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The main man vs. nature conflict in the story has to do with how our bodies betray us. The premise of the book is that children can be “unwound” for body parts.
An example of the man vs. nature conflict is present when Connor is sent to be unwound and escapes. He wonders if the police will kill him.
Would they shoot an unarmed kid in the back, he wonders, or would they shoot him in the legs and spare his vital organs. (p. 18)
In this society, organs and body parts are more important than children. Life itself has no value. People who are sick or injured and need new organs take them from children who have been chosen to be unwound.
In this society, when people’s bodies betray them (character vs. nature), they can get body parts from the unwinds.
An accident victim who would have died from internal injuries could get fresh organs. A wrinkled arthritic hand could be replaced with one fifty years younger. (p. 224)
The fact that body parts can be harvested is also a man vs. nature conflict for the unwinds, as well as a man vs. man conflict, because if it was not possible to harvest body parts there would be no need for unwinding. Of course, there is a also a chracter vs. society conflict here, because the society has passed the Bill of Life and approves the unwinding.
Most of the conflict in Unwind comes from Man versus Society; the future government is very anti-individual and works to "unwind," or harvest, children under the age of eighteen so their parts can be used to help others. There are some examples of Man versus Nature, though, and one comes early when Conner and Risa are fleeing into the woods.
The woods are dense, not just with trees but with tall shrubs and vines, yet there's already a path of broken branches and parted shrubs made by the girl who ran from the bus. They might as well have arrows pointing the police in their direction... she... renews her battle with the dense undergrowth all around her.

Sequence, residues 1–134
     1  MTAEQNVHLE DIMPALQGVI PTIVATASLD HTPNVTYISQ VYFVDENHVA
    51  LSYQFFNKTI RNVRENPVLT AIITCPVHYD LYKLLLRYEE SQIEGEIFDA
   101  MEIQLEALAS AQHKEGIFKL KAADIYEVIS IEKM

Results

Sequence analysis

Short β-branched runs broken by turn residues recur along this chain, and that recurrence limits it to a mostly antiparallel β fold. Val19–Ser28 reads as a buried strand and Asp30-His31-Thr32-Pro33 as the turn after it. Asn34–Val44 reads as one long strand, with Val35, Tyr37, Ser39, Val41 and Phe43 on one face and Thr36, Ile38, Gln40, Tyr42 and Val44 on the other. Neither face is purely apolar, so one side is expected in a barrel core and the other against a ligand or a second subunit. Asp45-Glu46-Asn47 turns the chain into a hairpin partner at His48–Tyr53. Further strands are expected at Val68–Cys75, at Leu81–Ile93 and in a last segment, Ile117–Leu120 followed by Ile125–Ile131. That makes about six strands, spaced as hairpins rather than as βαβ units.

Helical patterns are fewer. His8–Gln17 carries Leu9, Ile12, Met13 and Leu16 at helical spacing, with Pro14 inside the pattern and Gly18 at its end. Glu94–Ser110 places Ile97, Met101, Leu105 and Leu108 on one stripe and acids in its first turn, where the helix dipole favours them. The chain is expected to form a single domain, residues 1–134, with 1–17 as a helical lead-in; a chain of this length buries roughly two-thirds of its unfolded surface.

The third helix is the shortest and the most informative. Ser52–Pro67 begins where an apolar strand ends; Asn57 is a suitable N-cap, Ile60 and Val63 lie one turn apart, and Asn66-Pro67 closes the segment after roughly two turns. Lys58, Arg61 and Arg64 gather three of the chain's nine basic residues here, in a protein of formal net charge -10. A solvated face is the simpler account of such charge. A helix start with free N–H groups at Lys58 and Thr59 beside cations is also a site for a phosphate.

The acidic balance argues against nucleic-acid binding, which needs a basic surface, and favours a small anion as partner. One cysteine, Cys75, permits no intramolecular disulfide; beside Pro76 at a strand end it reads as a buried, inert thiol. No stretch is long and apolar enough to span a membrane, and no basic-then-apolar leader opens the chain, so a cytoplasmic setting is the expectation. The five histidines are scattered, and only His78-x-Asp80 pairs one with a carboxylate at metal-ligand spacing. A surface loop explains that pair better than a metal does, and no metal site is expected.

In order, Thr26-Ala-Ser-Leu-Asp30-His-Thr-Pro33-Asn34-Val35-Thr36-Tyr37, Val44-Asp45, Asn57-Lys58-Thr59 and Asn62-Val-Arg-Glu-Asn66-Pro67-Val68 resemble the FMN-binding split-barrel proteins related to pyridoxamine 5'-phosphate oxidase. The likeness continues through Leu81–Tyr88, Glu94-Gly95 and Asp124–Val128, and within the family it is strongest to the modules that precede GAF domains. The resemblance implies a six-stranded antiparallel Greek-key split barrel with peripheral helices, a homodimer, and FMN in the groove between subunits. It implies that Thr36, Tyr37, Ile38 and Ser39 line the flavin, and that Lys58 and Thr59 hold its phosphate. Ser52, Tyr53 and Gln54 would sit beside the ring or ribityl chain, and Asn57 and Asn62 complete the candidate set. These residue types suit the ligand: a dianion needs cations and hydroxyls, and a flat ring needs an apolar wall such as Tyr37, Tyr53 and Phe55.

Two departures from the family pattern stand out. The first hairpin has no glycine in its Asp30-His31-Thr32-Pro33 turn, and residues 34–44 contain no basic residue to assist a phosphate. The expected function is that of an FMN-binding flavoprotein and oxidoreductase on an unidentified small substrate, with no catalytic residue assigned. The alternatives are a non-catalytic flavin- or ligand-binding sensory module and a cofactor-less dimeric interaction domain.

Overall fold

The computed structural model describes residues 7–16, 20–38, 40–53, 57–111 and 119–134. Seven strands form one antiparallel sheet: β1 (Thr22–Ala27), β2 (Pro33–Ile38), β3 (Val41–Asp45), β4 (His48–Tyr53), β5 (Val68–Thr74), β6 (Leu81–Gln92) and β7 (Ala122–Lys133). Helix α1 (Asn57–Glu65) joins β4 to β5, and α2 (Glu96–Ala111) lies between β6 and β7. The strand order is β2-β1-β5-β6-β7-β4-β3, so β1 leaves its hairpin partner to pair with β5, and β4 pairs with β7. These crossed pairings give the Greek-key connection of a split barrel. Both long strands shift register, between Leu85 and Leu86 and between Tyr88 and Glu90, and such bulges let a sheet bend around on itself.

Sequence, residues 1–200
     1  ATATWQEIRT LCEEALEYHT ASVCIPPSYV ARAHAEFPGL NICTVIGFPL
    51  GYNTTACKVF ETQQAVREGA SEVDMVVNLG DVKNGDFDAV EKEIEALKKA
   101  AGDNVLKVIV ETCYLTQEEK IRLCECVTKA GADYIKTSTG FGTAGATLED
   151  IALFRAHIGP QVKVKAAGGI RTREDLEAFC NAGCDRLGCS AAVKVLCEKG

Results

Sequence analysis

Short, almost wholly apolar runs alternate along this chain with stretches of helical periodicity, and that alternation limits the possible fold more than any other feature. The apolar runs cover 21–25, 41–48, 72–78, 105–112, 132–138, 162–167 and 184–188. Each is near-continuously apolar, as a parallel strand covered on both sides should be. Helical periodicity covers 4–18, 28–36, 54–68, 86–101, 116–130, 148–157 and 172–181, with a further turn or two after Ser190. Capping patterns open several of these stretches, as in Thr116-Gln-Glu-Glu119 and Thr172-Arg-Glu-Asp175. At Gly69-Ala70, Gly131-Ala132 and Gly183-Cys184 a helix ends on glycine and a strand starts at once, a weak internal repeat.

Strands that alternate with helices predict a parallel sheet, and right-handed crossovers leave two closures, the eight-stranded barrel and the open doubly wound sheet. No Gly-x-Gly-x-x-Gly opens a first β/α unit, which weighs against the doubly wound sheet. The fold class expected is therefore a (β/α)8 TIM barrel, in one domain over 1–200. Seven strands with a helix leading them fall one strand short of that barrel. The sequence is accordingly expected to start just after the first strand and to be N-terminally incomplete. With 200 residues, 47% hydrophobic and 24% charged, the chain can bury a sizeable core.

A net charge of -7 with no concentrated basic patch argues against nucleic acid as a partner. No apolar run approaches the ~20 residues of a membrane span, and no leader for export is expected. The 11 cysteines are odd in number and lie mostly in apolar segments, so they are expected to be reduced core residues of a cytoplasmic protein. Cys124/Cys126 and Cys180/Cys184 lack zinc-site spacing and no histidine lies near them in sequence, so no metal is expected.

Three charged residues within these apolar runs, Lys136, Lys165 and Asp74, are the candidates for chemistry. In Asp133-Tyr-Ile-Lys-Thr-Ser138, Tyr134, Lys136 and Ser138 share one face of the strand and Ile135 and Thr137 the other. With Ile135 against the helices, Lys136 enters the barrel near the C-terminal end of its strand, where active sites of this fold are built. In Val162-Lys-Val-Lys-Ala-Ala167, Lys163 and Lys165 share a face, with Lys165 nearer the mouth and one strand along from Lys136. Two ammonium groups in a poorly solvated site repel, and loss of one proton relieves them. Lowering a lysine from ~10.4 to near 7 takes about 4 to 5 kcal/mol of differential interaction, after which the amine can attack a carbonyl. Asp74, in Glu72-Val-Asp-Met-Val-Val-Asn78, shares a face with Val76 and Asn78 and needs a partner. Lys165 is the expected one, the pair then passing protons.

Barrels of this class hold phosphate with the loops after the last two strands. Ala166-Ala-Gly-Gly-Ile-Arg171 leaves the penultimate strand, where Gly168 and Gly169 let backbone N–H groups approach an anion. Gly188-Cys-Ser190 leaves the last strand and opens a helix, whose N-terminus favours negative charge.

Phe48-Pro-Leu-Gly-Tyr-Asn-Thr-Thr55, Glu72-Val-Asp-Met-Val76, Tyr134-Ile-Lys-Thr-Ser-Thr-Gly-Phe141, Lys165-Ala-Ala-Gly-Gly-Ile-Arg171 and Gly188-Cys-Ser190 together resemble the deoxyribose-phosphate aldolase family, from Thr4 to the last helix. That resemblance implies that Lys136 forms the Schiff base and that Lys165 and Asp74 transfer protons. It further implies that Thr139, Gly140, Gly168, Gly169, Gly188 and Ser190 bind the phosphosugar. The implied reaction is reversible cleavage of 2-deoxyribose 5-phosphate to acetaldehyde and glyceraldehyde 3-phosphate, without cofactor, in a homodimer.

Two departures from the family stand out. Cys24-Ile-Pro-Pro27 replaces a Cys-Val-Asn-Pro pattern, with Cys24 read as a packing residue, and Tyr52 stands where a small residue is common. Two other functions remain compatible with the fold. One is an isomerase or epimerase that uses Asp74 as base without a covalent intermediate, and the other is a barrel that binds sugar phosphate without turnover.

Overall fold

(Shusterman, Unwind, Google Books)
The characters are city people, without much experience in the woods, but Conner realizes quickly that the broken branches are an easy tell for the pursuing police. This goes along with the "thick undergrowth," which hampers their progress even as it gives away their position; the forest is almost deliberately trying to get them caught. Using his innate intelligence, Conner figures that the cops will not expect him to use the forest to his own advantage; he climbs a tree and waits for a cop to pass, jumping down to ambush the man and shoot him with his own tranquilizer dart. This shows how the characters take the forest and use it instead of being thwarted by it; they end up having Nature as a natural ally in their fight with Society.
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